The author isn't shy about revealing his fascination with the everyday sights and events of New York in the late nineteenth century; in fact, at times it seems as if his whole purpose were to show off the extent of his research. He has an ability to bring the period and place to life, as if he himself had seen it first hand, making us feel as though we were seeing it too. Finney's use of contemporary illustrative art, photographs, and newspaper stories lends authenticity to his very evocative rendition of time and place. If at times it does seem to grow long, I think perhaps that's only a matter of my own twenty-first-century impatience, cultivated by an environment in which a five-second computer response time is referred to as "forever."

One of the most interesting aspects of this story, however, is almost certainly outside the author's design: namely, his depiction of a major U.S. city in the late middle of the twentieth century. In 1970, Richard Nixon was president; the Cuban missile crisis and the Kennedy assassination were events in recent memory; the Civil Rights movement was in progress, although (to judge from the author's use of language: young women are all "girls") women's liberation had a long way to go in raising public consciousness; pollution was already a major issue, but computers were still a novelty, and small electronic devices were science fiction. In contrasting 1882 with 1970, Finney shows us a period 46 years ago that seems calmer and safer than 2016, even though in so many ways it already felt dark and dangerous at the time.

This is not a heavy or especially serious book, although it has its moments (and there are a few little questions of logic and continuity). It's mostly just an entertaining fantasy, with an extra dose of verisimilitude to make us feel as if we'd been there. And that we might want to go again. ( )
2 vote Meredy | Aug 30, 2016 |
A very interesting read. I highly recommend it.The author transplants you back to early NYC. ( )
  LauGal | Aug 16, 2016 |
Showing 1-5 of 106 (next | show all)
Time and Again sends out a huge valentine to the past. It's nostalgic and there's something deliciously comforting and escapist in its promise of a New York Eden.

» Add other authors (9 possible)

Author nameRoleType of authorWork?Status
Jack Finneyprimary authorall editionscalculated
Carr, RichardCover artistsecondary authorsome editionsconfirmed
Moll, CharlesCover artistsecondary authorsome editionsconfirmed
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In shirt-sleeves, the way I generally worked, I sat sketching a bar of soap taped to an upper corner of my drawing board.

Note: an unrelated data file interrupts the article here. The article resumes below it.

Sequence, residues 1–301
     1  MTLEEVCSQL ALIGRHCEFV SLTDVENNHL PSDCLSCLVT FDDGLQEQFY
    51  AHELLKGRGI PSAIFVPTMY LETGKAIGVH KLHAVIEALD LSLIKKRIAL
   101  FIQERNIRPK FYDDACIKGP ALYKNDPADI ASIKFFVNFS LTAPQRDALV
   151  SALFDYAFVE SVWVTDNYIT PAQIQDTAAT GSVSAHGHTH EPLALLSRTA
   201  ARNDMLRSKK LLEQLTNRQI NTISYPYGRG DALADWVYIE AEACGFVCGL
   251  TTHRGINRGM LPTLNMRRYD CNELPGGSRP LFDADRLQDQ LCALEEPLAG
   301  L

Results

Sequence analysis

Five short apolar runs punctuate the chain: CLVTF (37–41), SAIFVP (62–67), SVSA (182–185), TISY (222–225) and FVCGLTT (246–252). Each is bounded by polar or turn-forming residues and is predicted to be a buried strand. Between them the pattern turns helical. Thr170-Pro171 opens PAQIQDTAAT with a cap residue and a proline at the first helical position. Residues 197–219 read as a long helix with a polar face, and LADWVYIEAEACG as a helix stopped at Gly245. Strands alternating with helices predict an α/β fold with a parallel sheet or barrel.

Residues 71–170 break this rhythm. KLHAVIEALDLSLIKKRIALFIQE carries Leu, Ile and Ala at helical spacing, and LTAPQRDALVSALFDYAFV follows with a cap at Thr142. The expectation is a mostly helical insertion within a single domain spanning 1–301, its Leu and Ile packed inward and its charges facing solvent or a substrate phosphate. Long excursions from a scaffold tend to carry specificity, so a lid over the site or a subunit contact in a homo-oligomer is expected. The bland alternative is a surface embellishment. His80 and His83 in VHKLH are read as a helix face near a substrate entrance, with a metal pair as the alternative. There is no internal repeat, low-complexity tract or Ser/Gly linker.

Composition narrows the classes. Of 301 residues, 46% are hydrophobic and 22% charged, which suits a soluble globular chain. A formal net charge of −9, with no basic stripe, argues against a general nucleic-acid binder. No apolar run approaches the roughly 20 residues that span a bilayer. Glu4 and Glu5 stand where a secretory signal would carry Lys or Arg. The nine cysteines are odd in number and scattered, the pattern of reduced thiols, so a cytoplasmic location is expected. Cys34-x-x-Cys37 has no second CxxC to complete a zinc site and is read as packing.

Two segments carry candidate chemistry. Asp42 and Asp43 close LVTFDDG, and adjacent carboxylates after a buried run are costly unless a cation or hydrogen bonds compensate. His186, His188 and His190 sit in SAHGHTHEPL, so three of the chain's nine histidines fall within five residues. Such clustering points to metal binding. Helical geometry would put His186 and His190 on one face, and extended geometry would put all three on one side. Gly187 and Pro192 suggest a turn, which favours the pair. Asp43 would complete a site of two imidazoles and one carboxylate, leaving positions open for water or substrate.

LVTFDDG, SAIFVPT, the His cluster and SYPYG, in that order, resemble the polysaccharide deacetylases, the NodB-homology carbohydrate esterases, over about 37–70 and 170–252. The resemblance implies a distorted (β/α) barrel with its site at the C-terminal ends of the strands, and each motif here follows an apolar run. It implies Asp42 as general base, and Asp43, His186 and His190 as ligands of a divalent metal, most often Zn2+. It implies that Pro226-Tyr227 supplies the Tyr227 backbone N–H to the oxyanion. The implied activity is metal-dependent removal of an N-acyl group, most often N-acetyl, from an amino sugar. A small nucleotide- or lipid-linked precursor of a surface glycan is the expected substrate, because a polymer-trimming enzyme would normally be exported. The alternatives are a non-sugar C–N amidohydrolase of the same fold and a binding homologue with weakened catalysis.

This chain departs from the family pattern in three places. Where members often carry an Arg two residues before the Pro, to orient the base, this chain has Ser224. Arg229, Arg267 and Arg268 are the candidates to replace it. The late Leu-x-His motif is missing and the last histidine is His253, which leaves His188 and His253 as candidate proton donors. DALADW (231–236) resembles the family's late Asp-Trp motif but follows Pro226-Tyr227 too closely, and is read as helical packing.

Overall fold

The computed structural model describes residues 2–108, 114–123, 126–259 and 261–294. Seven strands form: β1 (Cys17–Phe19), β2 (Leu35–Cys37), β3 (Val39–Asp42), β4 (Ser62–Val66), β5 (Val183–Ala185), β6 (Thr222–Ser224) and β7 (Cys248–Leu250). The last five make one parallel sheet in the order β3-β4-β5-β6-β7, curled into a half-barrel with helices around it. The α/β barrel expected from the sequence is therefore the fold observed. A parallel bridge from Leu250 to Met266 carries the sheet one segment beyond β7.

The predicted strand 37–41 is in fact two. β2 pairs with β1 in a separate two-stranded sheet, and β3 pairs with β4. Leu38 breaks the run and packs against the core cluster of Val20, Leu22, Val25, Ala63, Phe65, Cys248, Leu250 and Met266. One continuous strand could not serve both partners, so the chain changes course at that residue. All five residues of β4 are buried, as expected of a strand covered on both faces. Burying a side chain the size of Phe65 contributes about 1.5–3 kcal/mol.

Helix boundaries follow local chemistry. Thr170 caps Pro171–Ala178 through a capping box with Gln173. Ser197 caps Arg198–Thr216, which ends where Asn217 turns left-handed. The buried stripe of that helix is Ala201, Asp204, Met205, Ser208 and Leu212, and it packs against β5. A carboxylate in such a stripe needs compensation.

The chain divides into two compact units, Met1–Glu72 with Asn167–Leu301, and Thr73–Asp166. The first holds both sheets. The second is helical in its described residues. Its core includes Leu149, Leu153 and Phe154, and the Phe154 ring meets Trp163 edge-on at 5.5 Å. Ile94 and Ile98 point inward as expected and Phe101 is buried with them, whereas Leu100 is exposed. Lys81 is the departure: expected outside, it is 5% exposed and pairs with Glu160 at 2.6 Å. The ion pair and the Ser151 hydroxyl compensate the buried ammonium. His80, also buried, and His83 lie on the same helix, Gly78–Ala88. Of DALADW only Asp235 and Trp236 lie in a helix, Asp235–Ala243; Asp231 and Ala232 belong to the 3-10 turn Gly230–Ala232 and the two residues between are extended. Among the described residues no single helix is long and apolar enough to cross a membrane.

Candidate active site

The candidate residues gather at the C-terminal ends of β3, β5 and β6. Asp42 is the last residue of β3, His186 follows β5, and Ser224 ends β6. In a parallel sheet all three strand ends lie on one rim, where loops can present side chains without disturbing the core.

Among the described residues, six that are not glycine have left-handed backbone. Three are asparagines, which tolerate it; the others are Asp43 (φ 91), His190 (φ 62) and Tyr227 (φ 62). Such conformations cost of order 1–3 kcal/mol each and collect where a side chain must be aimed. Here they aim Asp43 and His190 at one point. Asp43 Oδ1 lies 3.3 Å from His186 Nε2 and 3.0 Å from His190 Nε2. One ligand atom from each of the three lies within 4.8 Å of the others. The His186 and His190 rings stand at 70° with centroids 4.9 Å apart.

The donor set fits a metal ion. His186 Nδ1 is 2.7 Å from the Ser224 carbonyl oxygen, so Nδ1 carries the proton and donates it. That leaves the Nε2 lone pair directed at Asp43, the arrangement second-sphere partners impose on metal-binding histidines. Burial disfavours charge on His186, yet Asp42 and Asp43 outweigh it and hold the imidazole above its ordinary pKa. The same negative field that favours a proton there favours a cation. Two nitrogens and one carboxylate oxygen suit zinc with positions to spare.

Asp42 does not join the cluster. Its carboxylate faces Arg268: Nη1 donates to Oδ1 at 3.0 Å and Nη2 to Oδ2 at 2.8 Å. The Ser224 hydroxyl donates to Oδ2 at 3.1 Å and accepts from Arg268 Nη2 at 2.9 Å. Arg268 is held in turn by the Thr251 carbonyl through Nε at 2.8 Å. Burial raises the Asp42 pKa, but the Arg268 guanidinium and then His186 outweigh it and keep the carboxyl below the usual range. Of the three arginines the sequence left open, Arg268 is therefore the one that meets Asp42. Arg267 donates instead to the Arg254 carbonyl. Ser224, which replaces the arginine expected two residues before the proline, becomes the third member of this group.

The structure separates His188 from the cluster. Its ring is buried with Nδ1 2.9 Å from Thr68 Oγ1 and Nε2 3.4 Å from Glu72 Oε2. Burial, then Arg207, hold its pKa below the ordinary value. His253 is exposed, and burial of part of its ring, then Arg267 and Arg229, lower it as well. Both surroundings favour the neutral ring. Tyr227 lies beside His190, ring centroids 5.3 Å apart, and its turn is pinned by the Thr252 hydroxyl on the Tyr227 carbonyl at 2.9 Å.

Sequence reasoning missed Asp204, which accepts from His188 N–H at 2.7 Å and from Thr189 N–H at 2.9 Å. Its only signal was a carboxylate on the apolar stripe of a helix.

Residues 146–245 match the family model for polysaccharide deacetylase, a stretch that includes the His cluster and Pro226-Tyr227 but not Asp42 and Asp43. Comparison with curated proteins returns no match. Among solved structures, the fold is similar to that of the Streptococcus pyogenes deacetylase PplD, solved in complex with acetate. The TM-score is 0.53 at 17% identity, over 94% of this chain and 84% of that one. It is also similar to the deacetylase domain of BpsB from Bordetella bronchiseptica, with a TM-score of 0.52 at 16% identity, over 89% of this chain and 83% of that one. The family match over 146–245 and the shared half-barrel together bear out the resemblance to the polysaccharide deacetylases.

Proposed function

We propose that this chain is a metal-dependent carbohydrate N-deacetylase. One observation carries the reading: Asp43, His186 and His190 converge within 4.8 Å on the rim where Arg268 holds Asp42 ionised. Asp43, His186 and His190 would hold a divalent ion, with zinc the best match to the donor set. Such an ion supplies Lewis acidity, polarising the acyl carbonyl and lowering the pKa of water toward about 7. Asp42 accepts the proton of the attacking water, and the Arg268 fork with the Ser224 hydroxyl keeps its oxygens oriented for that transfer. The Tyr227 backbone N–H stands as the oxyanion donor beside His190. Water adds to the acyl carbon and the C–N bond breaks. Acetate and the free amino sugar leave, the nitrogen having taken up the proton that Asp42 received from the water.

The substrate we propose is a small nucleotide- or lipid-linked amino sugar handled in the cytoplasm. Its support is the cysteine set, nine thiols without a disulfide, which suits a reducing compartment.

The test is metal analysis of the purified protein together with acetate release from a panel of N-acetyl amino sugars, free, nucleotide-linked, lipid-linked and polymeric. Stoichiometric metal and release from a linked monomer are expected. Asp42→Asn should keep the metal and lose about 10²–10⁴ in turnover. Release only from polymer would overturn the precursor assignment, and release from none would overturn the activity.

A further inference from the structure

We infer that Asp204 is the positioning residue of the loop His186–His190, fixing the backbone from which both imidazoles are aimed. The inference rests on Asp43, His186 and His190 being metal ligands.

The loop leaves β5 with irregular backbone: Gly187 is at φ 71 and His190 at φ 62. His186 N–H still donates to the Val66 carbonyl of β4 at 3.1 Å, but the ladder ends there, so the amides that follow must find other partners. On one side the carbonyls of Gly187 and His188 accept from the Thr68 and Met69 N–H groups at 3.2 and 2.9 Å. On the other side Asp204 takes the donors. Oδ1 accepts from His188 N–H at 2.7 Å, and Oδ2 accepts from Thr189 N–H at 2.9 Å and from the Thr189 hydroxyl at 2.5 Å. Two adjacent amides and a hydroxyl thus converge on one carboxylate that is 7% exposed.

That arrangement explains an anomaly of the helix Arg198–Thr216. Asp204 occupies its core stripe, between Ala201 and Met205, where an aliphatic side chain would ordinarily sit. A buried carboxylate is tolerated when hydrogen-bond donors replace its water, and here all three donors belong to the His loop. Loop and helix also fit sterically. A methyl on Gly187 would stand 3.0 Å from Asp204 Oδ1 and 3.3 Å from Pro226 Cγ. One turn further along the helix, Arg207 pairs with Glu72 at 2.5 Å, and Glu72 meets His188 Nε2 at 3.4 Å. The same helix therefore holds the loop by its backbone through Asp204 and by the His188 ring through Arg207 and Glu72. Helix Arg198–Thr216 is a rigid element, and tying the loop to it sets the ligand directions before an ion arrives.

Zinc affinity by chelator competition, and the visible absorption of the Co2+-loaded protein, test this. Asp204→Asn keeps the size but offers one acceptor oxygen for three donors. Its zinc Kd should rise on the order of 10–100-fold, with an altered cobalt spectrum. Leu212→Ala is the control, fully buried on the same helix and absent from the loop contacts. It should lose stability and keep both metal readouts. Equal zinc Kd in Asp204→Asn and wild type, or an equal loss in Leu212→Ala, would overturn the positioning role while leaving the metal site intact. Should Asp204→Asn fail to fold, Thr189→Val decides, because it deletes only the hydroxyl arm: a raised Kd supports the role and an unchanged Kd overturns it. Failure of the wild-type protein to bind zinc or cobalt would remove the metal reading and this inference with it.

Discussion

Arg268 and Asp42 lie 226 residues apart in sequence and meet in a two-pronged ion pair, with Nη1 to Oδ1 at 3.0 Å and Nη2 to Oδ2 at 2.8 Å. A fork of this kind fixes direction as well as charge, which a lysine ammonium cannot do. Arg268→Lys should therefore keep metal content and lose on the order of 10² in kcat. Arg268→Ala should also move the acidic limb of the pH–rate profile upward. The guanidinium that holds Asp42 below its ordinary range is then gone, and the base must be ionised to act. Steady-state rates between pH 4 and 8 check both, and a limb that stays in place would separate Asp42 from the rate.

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(Click to show. Warning: May contain spoilers.)
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Book description
From Amazon.com: Si Morley is bored with his job as a commercial illustrator and his social life doesn't seem to be going anywhere. So, when he is approached by an affable ex-football star and told that he is just what the government is looking for to take part in a top-secret program, he doesn't hesitate for too long. And so one day Si steps out of his twentieth-century New York apartment and finds himself back in January 1882. There are no cars, no planes, no computers, no television and the word "nuclear" doesn't appear in the dictionary. For Si, it's very like Eden, somewhere he could find happiness. But has he really travelled back in time? The portfolio of tintype photographs and sketches that he brings back to the present day convince the government. But then all Si wants is to return. . .
Haiku summary

Amazon.com Product Description (ISBN 0684801051, Paperback)

"Sleep. And when you awake everything you know of the twentieth century will be gone from your mind. Tonight is January 21, 1882. There are no such things as automobiles, no planes, computers, television. 'Nuclear' appears in no dictionary. You have never heard the name Richard Nixon."

Did illustrator Si Morley really step out of his twentieth-century apartment one night -- right into the winter of 1882? The U.S. Government believed it, especially when Si returned with a portfolio of brand-new sketches and tintype photos of a world that no longer existed -- or did it?

(retrieved from Amazon Thu, 12 Mar 2015 18:06:38 -0400)

(see all 6 descriptions)

Simon Morley is selected by a secret government agency to test Einstein's theory of the past co-existing with the present and is transported back to 1880s New York.

(summary from another edition)

» see all 3 descriptions